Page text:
Personal growthWhen Bobby Fry opened his restaurant in 2010, he followed the traditional wage model, counting tips as part of total staff compensation. Dating back to Prohibition, this practice is one of the primary factors behind the high rate of turnover for the restaurant industry. Many restaurant owners argue that replacing this model would require an increase in food prices and ultimately drive customers away, but Fry bucked tradition and began paying his employees a base salary in 2014.

Though Fry has had to increase some menu prices, the shift has enabled him to carry more complicated, but higher return, items due to his experienced staff sticking around. As a result, his revenues have grown by 40% over the past year. Fry is also offering talent development programs and avenues for advancement—further incentive for his employees to remain for the long haul. As Fry states in his interview with Business Insider:

“Some people ask me how I can take a risk like this. But I believe there’s more risk in failing to give opportunities to the team that got us here.”

Four Ideas For Your Business
As a small business owner, you don’t have the luxury of providing higher pay, or amazing benefits. Yet, your small business status provides a great deal of opportunities larger companies don’t have, including a more personal connection with members of your staff. You don’t need a large budget or a change in benefits to make an impact, just a willingness to shake things up. Here are a few ideas to get you started!

One-on-Ones with Leadership
Face-to-face time with the CEO is a simple way to show employees you value their input, and expresses a desire to get to know them as a person. Use your one-on-one time for informal mentoring, as well as a chance to discuss the employee’s goals within the company.

Craft a Position to their Passions
In larger companies, employees follow a hierarchical career path set to a specific time table. As the roles and responsibilities have already been set, employees are forced to mold their interests and skills to the role, instead of the role taking into account their strengths and passions.

Offer employees the opportunity to redefine their role, or even create a new position, based on their passion or a need they see within the company. Employees who are actively involved in their own growth are more likely to fill gaps in the business and better serve your customers. You’ll also avoid spending budget on contractors or freelancers who aren’t as familiar with your company.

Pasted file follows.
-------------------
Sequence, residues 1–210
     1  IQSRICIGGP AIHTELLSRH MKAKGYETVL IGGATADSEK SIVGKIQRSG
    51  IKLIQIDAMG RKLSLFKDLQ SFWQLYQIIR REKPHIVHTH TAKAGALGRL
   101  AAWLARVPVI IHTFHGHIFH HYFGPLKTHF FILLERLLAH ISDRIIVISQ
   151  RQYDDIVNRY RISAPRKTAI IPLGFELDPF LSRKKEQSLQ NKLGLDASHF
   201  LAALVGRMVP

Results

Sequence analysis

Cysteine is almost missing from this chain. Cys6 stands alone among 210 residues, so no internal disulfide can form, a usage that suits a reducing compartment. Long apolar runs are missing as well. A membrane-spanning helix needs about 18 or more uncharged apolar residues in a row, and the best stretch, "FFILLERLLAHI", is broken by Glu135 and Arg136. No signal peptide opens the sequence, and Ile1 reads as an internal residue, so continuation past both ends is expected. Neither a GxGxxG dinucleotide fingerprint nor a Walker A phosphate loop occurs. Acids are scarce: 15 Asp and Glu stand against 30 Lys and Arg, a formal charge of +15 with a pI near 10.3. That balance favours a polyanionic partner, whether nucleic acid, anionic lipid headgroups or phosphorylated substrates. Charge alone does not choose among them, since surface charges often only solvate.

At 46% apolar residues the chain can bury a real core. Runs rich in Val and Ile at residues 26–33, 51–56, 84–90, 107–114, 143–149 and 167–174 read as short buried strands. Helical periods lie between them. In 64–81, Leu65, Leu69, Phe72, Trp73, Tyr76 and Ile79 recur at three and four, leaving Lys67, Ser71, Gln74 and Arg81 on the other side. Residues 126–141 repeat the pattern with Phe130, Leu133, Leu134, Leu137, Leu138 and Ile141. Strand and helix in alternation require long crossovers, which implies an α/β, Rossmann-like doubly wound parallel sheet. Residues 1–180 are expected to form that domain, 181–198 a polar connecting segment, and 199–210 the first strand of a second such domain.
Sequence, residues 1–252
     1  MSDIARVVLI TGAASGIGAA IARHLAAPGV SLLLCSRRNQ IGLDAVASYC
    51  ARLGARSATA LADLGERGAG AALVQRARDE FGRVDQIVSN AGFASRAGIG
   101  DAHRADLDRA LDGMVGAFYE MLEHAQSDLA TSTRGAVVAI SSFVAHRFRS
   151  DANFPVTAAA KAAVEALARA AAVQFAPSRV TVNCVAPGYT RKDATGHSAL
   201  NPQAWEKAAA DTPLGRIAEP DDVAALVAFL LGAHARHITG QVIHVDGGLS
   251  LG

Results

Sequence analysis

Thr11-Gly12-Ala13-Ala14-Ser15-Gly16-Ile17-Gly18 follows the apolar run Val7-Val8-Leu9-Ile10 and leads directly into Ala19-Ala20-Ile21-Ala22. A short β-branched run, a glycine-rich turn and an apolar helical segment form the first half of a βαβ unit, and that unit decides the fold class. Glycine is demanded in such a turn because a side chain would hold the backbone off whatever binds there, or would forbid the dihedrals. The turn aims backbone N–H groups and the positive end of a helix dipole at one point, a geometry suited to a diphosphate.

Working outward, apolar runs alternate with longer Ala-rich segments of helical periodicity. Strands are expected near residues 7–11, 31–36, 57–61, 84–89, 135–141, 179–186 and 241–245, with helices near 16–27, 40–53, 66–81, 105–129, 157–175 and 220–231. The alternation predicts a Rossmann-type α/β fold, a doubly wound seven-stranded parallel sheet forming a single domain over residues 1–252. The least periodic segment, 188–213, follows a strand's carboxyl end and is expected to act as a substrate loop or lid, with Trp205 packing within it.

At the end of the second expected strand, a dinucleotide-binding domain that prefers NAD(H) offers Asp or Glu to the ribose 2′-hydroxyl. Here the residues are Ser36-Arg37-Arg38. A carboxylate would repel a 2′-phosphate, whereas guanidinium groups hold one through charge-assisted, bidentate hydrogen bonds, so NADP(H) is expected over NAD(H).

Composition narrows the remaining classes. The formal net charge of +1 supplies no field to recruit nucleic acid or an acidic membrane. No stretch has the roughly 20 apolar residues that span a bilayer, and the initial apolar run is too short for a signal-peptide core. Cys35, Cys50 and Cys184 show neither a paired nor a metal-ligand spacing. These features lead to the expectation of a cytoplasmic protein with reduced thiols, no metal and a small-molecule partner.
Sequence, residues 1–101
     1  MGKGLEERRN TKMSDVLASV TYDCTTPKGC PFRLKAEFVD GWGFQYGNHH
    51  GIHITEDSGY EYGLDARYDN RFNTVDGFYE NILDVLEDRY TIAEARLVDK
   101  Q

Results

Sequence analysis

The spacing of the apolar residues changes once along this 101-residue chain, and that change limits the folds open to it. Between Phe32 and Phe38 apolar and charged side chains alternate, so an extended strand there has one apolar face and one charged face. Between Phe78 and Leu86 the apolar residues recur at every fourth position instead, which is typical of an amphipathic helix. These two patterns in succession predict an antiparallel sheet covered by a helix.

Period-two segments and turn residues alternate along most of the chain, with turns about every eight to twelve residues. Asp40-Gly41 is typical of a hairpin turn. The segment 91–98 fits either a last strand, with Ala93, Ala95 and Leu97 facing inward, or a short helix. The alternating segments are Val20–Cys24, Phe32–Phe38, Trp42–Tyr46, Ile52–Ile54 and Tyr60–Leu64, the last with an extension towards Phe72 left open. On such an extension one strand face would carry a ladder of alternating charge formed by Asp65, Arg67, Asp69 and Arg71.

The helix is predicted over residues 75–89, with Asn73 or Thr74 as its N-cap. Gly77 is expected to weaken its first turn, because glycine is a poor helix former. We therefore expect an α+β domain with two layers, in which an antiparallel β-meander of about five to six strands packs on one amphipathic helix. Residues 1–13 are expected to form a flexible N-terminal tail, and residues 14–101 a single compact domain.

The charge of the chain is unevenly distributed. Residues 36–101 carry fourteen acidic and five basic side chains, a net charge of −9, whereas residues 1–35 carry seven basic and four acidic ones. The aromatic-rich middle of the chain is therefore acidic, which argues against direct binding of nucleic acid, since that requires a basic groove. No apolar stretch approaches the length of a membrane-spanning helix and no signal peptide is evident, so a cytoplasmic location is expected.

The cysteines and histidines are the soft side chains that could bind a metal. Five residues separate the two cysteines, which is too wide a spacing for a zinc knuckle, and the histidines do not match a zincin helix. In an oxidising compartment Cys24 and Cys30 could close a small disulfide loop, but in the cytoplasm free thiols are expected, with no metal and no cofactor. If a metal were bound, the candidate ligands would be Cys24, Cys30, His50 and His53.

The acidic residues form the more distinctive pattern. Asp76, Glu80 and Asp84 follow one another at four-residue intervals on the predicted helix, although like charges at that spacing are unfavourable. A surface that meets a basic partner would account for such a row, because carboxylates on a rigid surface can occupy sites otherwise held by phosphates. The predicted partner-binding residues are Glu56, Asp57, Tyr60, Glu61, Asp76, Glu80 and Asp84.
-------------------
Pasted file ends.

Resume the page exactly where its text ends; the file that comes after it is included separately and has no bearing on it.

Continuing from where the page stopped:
Shadowing
A shadowing program is another opportunity to match employee passions to roles, particularly if your business has a more formalized structure. At Ruby, the majority of our staff begin their tenure as receptionists, but have the opportunity to shadow other departments to determine what areas of the business they are interested in pursuing in the future. Employees are free to choose what is most exciting to them, and are more invested in learning and growing in that position as a result.

Take Time Out For Learning
We understand time is money when you’re running a small business. It’s tough to take all your staff off their duties for even a single hour—which is why it is even more important to make the effort. This could be as simple as offering a “Lunch & Learn” style meeting once a month on a topic employees have expressed interest in, or an employee “Show & Tell” where different departments discuss what they’re working on. Show them you’re willing to make the sacrifice in the name of education and growth, and they will stick around to see what else they can learn.

Don’t settle for “that’s the way it’s always been done.” As Fry found, disrupting the status quo and choosing to focus on your staff’s development can result in happier employees…and a healthy bottom line.

Looking for more tips on recruiting and retaining employees? Read more about how Ruby does it with “How To Find Lifelong Employees” and “To WOW Your Clients, WOW Your New Employees First.”